This study aims to improve support for family and professional carers and older people with learning disabilities with behaviours that challenge others. The study will involve rapid scoping reviews, ethnographic case studies, and the development and qualitative evaluation of decision aid tools to support future planning and end of life care discussions. It will co-produce actionable recommendations for commissioners and providers; resources and decision-aids for family carers and people with learning disabilities with behaviours that challenge others; and free online training materials about caring in later life for the public and for professionals.
More about the project: Improving the support for older people with learning disabilities and behaviours that challenge, family and professional carers, and supporting end of life care planning for carers.
A hugely successful project which involved developing and delivering an 8-week research training course for 10 people with learning (intellectual) disabilities.
More about the project:
This study is an evaluation of an existing collaborative decision-making tool that was adapted for use with people with learning disabilities. The evaluation was conducted in 20 residential facilities and 128 relatives of participating clients. The project is also developing training for healthcare workers who will be working with this tool.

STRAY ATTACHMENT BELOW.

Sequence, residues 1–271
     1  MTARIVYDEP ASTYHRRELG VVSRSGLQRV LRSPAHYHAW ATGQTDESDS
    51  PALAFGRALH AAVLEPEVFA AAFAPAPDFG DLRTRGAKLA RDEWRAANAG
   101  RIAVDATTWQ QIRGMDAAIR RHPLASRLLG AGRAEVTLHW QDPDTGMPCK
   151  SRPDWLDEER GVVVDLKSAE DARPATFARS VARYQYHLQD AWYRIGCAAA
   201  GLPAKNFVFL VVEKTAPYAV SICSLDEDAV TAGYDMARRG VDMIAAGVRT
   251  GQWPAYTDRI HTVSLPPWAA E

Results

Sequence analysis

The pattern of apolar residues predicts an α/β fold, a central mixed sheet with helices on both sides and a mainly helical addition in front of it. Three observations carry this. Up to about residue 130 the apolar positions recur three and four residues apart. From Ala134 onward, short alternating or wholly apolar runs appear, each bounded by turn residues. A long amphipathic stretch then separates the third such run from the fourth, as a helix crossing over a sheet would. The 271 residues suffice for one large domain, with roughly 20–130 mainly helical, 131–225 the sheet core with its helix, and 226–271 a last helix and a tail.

More about the project: Gezamenlijke besluitvorming in de palliatieve fase met mensen met een verstandelijke beperking
This mixed methods study aimed to identify the barriers and facilitators to ensuring equal access to high quality hospital care and services for children and young people with and without learning disability and their families. Prioritising the voices of children and young people and their parents in specialist and non-specialist hospitals in England, the project seeks to help drive support for change.
More about the project: Pay More Attention: A national mixed methods study to identify the barriers and facilitators to ensuring equal access to high quality hospital care and services for children and young people with and without learning disability and their families
This study was a UK-wide survey investigating the experiences of staff talking to people with learning disabilities about death, dying and bereavement. Around 700 staff working with people with learning disabilities in residential and supported living services in the UK took part in the survey during 2017 and 2018.
More about the project: What is the Talking About Dying Survey?
The aims of this qualitative study were twofold: first, to gain further insight into the individual, organisational and contextual factors that affect the communication of death-related bad news to people with intellectual disabilities by intellectual disability staff; and secondly, to develop guidelines for services to enable appropriate communication with clients about death and dying. Data was collected through semi-structured interviews with 20 social care staff working in intellectual disability residential or supported living services in London, and who had supported a client affected by death-related bad news in the previous 6 months.
More about the project: Investigating the factors that affect the communication of death-related bad news to people with intellectual disabilities by staff in residential and supported living services: An interview study
For publications by members of the Learning Disabilities Research Group please see each member's KU profile.